As the train from New York travels to New London, CT, home of Eugene O'Neill and the Eugene O'Neill Theatre Center, I'm aware of an America that has all but disappeared. From the train windows, there are not only the modern monolithic malls, anchored by Sears and Caldor, but decaying factories from the turn of the century. The shingled roofs once proudly displayed the names of their occupants, but a century's worth of storms have faded the letters so they are no longer discernable. As the train travels further, there are clapboard houses, then marshes and wooden boardwalks that stretch into the ocean. This is the same route the Nobel and Pulitzer Prize winning playwright Eugene O'Neill took countless times. In a few hours, I will be in the Monte Cristo cottage, in O'Neill's bedroom, rubbing my hand across the playwright's oak desk,
During their tenure, playwrights in residence at the O'Neill Center stay in O'Neill's bedroom, which faces the ocean. The O'Neill cottage is like a theatrical set. O'Neill's father, James O'Neill, Senior, (noted actor and the model for James Tyrone in "Long Day's Journey Into Night") raised the ceilings of the modest New London home to give it a feeling of grandeur, but as a result, the upstairs bedrooms' low ceilings have the claustrophobic feeling of cramped dressing rooms.
No wonder O'Neill's mother Ella went crazy. While the O'Neill boys Jamie and Eugene had ocean views and Papa's bedroom looked out onto the countryside, Mama's windows looked at the walls of servant's quarters above the kitchen at the rear of the structure. Her cell-like room was her refuge when she took morphine.
My day at the O'Neill is as guest of Steve Wood, who has just been appointed President of the Theatre Center, although he has been involved since 1982. Wood looks like a better version of Dan Quale, say if Quale's features were in place properly. He dresses in a dark business suit, cufflinked red striped shirt with white collar. If he were a CEO, you would invest your widowed mother's pension funds in his corporation. He is not at all arty, but he surrounds himself with a staff that is. His primary aim is to keep the O'Neill solvent and he has some innovative ideas which seem to be doing the trick in this era of no money for the arts.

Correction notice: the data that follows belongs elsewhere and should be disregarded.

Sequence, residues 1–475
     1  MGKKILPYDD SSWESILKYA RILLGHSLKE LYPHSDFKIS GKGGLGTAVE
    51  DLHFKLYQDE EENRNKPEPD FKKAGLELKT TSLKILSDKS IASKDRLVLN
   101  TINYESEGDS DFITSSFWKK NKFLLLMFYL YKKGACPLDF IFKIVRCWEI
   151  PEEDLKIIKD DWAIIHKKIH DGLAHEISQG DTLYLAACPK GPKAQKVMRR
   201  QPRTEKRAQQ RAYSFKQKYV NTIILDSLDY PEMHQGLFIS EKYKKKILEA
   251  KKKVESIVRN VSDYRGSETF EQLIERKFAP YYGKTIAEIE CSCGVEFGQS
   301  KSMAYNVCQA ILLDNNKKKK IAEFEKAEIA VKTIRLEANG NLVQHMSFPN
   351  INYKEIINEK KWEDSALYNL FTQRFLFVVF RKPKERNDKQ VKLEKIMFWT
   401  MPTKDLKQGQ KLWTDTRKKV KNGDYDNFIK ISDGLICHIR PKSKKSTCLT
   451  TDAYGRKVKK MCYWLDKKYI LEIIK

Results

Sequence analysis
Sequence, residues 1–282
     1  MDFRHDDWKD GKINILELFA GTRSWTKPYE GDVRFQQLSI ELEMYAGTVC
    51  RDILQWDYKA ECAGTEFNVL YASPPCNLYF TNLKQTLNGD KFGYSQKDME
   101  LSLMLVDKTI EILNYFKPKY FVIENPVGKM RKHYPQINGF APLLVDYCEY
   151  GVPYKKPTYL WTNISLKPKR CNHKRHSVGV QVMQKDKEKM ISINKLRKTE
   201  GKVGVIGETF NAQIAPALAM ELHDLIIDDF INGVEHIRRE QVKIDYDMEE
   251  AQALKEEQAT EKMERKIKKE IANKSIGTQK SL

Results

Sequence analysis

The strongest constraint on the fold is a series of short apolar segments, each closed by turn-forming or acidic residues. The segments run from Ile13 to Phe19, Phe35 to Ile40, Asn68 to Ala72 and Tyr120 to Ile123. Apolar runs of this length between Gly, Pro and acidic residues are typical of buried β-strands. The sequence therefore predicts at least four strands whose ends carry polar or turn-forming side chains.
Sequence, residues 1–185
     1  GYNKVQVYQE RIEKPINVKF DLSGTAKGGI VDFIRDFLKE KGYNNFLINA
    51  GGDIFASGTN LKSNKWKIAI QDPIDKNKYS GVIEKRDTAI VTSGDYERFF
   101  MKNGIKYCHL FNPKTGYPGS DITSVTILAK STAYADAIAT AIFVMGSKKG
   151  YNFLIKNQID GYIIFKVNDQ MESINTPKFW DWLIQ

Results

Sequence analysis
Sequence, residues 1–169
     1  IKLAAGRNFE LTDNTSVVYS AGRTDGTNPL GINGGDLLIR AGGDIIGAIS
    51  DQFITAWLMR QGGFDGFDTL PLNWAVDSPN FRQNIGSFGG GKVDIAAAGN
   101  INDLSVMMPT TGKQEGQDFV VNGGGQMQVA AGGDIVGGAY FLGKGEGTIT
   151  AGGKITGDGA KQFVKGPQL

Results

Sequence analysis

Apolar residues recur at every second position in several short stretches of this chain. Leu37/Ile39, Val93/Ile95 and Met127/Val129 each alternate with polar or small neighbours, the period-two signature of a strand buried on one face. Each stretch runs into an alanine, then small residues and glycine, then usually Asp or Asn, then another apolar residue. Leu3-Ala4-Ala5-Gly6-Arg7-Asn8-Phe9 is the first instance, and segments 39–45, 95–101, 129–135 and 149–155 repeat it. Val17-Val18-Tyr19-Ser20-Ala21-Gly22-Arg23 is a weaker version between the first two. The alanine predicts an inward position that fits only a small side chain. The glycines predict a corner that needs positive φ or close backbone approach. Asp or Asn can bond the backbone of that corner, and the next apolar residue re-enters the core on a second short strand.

Wood, who grew up in New London, was not involved with the arts until his involvement with the O'Neill. Before then, he spent time at the Naval Academy, commanded a submarine crew, studied management at Yale and then served as president of two high-tech manufacturing firms.
The Arts could use more people like Wood. Working side by side with founder George White, he brings his management expertise to the O'Neill, preserving the integrity and vision of the center.
After we meet in Wood's office in the main building (a converted New London mansion) Wood walks me to "Ironsides", an even larger mansion which was donated to the O'Neill. The huge yellow edifice was moved onto the O'Neill property a number of years ago, but there were no funds to renovate the structure nor to bring it up to current building codes. Wood enlisted Navy volunteers from a nearby base to paint the outer structure. Currently a staff of carpenters, electricians and masons recruited from the inmate population of a local prison are painstakingly renovating the 19th century structure. The damaged oak panelled library has been reconstructed from scratch and the craftsmanship displayed in the carpentry rivals the interiors of the finest Newport residences. When the inmates are released, they'll have newfound marketable skills. Wood has also arranged for lawbreakers sentenced to community service to work on the mansion restoration.
The basement of the structure is being converted into a series of soundproofed rehearsal rooms. The main floor will serve as new administrative offices and Conference rooms and the second floor as housing for distinguished guests to the center.
Before my visit to the O'Neill, I was aware of their summer theatre conferences: their National Playwrights Conference, under the direction of Lloyd Richards, has nurtured talents such as Wendy Wasserstein, Lee Blessing, John Guare, Christopher Durang, Israel Horovitz, Ted Talley, Sybille Pearson, John Patrick Shanley, August Wilson, Lanford Wilson as well as hundreds of others. (The archives of the plays are stored in James O'Neill's bedroom at the cottage.)
The National Music Theatre Conference, directed by Paulette Haupt, gave birth to Maury Yeston's "Nine", and Bob Merrill's "Hannah, 1939", as well as upcoming productions of Rick Freyer and Pat Cook's "Captains Courageous", Douglas J. Cohen's "The Gig", Walter Edgar Kennon's "Time and Again" and "Violet", the Brain Crawley-Jeanine Tesori musical which has just been extended at Playwright's Horizons. New York lyricist Adele Ahronheim has been involved in a cross cultural project with Russian writers. The work, first seen at the O'Neill last summer will return next season for further fine tuning. Georgia Holof and David Metee's adaptation of Ray Bradbury's "Fahrenheit 451" is close to inking a tour which will involve high school students interacting with professional actors.